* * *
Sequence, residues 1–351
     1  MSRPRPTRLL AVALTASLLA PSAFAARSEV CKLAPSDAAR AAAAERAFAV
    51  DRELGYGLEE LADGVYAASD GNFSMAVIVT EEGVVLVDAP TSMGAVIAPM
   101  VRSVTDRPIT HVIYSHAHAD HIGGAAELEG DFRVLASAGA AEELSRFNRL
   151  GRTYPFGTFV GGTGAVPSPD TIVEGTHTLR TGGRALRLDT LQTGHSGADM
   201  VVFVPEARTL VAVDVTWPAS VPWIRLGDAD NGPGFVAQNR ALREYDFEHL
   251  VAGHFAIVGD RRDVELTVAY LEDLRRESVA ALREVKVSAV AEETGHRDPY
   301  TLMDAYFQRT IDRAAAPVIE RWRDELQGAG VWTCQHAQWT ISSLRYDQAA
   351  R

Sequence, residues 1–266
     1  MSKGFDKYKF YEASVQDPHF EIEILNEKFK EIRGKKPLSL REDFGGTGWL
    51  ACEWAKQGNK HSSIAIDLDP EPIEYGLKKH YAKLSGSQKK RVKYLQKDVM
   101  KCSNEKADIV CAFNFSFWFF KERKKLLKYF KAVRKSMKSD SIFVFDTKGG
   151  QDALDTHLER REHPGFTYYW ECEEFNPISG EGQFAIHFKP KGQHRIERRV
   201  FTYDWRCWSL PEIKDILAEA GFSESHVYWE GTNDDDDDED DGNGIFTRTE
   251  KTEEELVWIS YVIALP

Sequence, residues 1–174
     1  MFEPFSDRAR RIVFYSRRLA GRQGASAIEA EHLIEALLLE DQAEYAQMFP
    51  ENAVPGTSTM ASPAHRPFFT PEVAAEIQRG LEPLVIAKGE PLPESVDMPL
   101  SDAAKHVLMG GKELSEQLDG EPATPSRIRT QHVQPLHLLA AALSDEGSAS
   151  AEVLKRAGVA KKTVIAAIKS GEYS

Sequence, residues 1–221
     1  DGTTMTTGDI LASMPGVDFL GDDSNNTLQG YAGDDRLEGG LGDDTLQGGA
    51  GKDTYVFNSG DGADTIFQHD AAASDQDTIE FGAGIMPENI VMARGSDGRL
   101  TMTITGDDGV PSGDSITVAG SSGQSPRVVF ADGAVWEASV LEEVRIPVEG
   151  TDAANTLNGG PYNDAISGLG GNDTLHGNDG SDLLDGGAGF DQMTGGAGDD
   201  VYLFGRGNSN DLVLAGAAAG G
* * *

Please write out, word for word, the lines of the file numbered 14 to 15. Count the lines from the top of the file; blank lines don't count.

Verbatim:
   151  QDALDTHLER REHPGFTYYW ECEEFNPISG EGQFAIHFKP KGQHRIERRV
   201  FTYDWRCWSL PEIKDILAEA GFSESHVYWE GTNDDDDDED DGNGIFTRTE